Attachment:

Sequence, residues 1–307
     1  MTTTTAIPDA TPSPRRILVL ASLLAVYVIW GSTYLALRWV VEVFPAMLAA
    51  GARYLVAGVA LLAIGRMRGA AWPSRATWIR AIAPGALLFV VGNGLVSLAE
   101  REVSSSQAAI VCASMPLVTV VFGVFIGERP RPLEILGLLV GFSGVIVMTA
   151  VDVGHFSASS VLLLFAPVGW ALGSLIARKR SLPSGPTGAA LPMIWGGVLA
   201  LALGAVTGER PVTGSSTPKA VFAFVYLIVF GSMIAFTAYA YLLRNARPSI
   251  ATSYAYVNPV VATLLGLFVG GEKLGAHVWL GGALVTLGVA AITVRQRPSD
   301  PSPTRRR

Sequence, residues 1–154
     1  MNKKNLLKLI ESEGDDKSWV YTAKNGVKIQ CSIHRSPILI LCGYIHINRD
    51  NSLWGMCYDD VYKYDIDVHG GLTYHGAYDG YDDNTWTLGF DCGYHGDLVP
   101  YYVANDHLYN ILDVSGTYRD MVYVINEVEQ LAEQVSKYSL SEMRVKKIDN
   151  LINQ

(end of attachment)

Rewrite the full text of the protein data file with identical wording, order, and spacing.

Sequence, residues 1–307
     1  MTTTTAIPDA TPSPRRILVL ASLLAVYVIW GSTYLALRWV VEVFPAMLAA
    51  GARYLVAGVA LLAIGRMRGA AWPSRATWIR AIAPGALLFV VGNGLVSLAE
   101  REVSSSQAAI VCASMPLVTV VFGVFIGERP RPLEILGLLV GFSGVIVMTA
   151  VDVGHFSASS VLLLFAPVGW ALGSLIARKR SLPSGPTGAA LPMIWGGVLA
   201  LALGAVTGER PVTGSSTPKA VFAFVYLIVF GSMIAFTAYA YLLRNARPSI
   251  ATSYAYVNPV VATLLGLFVG GEKLGAHVWL GGALVTLGVA AITVRQRPSD
   301  PSPTRRR

Sequence, residues 1–154
     1  MNKKNLLKLI ESEGDDKSWV YTAKNGVKIQ CSIHRSPILI LCGYIHINRD
    51  NSLWGMCYDD VYKYDIDVHG GLTYHGAYDG YDDNTWTLGF DCGYHGDLVP
   101  YYVANDHLYN ILDVSGTYRD MVYVINEVEQ LAEQVSKYSL SEMRVKKIDN
   151  LINQ